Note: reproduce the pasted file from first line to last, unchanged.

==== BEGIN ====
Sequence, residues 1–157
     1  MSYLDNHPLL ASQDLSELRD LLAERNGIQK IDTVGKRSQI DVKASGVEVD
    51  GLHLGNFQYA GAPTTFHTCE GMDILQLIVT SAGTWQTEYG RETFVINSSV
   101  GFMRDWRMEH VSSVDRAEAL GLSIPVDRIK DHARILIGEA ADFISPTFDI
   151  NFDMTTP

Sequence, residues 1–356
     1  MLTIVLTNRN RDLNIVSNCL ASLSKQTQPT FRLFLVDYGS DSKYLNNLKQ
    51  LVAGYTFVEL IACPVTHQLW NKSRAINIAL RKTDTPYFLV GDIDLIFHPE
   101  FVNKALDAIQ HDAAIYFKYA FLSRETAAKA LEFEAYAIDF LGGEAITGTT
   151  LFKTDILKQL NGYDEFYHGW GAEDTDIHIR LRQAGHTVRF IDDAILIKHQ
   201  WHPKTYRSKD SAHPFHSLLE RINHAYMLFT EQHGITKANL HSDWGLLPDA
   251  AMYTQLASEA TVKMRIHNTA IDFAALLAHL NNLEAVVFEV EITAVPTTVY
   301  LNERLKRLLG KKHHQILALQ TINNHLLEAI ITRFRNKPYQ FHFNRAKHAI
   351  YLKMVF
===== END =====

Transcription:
Sequence, residues 1–157
     1  MSYLDNHPLL ASQDLSELRD LLAERNGIQK IDTVGKRSQI DVKASGVEVD
    51  GLHLGNFQYA GAPTTFHTCE GMDILQLIVT SAGTWQTEYG RETFVINSSV
   101  GFMRDWRMEH VSSVDRAEAL GLSIPVDRIK DHARILIGEA ADFISPTFDI
   151  NFDMTTP

Sequence, residues 1–356
     1  MLTIVLTNRN RDLNIVSNCL ASLSKQTQPT FRLFLVDYGS DSKYLNNLKQ
    51  LVAGYTFVEL IACPVTHQLW NKSRAINIAL RKTDTPYFLV GDIDLIFHPE
   101  FVNKALDAIQ HDAAIYFKYA FLSRETAAKA LEFEAYAIDF LGGEAITGTT
   151  LFKTDILKQL NGYDEFYHGW GAEDTDIHIR LRQAGHTVRF IDDAILIKHQ
   201  WHPKTYRSKD SAHPFHSLLE RINHAYMLFT EQHGITKANL HSDWGLLPDA
   251  AMYTQLASEA TVKMRIHNTA IDFAALLAHL NNLEAVVFEV EITAVPTTVY
   301  LNERLKRLLG KKHHQILALQ TINNHLLEAI ITRFRNKPYQ FHFNRAKHAI
   351  YLKMVF